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Thread: Grand Concourse Photo Tour - part one

  1. #1

    Default Grand Concourse Photo Tour - part one

    August 18, 2003


    View north at E 153 St. Franz Sigel Park is on the left.


    SE corner of E 156 St


    View south on Walton Ave, the east side of the park.


    View NW at E 161 St.


    View north across E 161 St to Joyce Kilmer Park.


    View from the park to the greatest place in sports.


    Heinrich Heine fountain in Joyce Kilmer Park


    E 165 St (I think).


    McClellan St, NE corner.


    Front entrance of the above building. Outstanding. They just need to lose those numbers.

  2. #2

    Default Grand Concourse Photo Tour

    It's nicknamed the Fish Building. The modern building on the left of the previous photo is the Bronx Housing Court, by Vinoly.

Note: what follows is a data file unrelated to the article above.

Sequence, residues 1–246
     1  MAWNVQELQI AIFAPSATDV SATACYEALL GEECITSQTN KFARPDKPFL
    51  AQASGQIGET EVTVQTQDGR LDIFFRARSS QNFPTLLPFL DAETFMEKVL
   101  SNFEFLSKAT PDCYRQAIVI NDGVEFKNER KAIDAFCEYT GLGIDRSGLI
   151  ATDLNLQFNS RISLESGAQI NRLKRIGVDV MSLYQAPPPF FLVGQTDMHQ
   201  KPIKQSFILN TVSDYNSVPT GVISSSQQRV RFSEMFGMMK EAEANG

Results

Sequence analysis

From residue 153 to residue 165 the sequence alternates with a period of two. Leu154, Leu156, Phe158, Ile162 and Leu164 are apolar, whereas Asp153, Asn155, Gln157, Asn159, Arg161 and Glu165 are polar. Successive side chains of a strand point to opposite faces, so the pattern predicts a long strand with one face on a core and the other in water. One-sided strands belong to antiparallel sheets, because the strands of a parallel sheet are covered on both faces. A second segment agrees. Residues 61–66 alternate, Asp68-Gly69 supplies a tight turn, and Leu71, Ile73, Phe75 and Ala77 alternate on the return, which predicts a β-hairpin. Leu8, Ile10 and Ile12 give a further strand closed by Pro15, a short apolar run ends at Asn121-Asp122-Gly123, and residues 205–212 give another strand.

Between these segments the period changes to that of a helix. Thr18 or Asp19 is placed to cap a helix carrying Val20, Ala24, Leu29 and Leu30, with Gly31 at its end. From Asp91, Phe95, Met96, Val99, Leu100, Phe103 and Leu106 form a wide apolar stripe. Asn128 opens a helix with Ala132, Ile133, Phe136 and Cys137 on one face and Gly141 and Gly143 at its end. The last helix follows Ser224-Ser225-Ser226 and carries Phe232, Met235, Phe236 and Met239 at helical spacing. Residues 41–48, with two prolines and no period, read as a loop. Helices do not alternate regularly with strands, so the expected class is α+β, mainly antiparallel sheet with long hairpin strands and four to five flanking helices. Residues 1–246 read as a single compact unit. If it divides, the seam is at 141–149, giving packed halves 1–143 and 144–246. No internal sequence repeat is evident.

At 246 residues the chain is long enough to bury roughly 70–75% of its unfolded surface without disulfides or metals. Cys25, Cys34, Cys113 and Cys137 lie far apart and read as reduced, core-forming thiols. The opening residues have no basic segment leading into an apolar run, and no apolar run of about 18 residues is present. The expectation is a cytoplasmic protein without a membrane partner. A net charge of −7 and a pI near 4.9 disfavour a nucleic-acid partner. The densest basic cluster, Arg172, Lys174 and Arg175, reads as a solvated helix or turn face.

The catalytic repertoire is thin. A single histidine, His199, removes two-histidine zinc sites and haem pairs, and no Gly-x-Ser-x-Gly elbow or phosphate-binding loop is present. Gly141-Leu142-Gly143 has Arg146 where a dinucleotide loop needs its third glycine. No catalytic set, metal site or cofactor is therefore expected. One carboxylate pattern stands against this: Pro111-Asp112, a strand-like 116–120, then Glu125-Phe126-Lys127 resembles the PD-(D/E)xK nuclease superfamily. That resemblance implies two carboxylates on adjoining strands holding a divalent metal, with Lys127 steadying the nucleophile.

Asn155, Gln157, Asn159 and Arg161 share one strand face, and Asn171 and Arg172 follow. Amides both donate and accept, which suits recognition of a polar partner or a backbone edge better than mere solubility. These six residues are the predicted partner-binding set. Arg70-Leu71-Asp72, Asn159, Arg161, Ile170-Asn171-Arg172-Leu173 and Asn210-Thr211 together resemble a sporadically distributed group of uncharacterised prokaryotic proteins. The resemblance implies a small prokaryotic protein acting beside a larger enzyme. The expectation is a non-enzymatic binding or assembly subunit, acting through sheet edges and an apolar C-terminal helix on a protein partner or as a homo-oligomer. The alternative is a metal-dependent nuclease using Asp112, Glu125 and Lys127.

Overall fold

This is a real treat. Thanks. What do you think of the area?

  3. #3

    Default Grand Concourse Photo Tour

    I didn't know Vinoly did it, but I quickly found out it was a courthouse. I was on the median on the west side of the street. Besides the camera, I had a memo pad. When I realized a cop on the other side of the street was watching me, I yelled to him what I was doing. He said, "Stay there" and walked across.

    When I told him I was taking photos along the Concourse, he asked "What for?" I metioned this website, so no negative comments about the police - he may visit here and knows what I look like.

    He explained about the courthouse security, and we had a pleasant conversation. I showed him the pics I had taken.

  4. #4

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    September 18, 2003

    Concourse Gets Used to Commerce

    By JOSEPH BERGER


    Signs advertise ground-floor businesses along the Grand Concourse in the Bronx where stores and medical clinics began cropping up in the 1980's.